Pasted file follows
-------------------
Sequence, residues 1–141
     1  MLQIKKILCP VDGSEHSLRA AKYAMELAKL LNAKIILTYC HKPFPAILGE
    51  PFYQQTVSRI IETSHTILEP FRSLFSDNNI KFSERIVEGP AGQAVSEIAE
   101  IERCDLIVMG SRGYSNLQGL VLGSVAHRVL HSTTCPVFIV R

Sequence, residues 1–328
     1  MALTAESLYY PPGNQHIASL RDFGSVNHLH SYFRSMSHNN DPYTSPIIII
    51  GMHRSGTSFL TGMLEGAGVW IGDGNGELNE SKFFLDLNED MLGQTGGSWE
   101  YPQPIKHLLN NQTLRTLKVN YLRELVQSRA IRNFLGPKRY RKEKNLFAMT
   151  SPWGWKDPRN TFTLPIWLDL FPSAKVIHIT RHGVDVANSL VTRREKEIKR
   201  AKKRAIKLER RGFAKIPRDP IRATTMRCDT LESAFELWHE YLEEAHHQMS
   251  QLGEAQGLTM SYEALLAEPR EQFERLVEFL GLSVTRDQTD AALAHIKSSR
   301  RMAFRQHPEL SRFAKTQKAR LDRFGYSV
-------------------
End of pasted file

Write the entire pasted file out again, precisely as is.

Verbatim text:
Sequence, residues 1–141
     1  MLQIKKILCP VDGSEHSLRA AKYAMELAKL LNAKIILTYC HKPFPAILGE
    51  PFYQQTVSRI IETSHTILEP FRSLFSDNNI KFSERIVEGP AGQAVSEIAE
   101  IERCDLIVMG SRGYSNLQGL VLGSVAHRVL HSTTCPVFIV R

Sequence, residues 1–328
     1  MALTAESLYY PPGNQHIASL RDFGSVNHLH SYFRSMSHNN DPYTSPIIII
    51  GMHRSGTSFL TGMLEGAGVW IGDGNGELNE SKFFLDLNED MLGQTGGSWE
   101  YPQPIKHLLN NQTLRTLKVN YLRELVQSRA IRNFLGPKRY RKEKNLFAMT
   151  SPWGWKDPRN TFTLPIWLDL FPSAKVIHIT RHGVDVANSL VTRREKEIKR
   201  AKKRAIKLER RGFAKIPRDP IRATTMRCDT LESAFELWHE YLEEAHHQMS
   251  QLGEAQGLTM SYEALLAEPR EQFERLVEFL GLSVTRDQTD AALAHIKSSR
   301  RMAFRQHPEL SRFAKTQKAR LDRFGYSV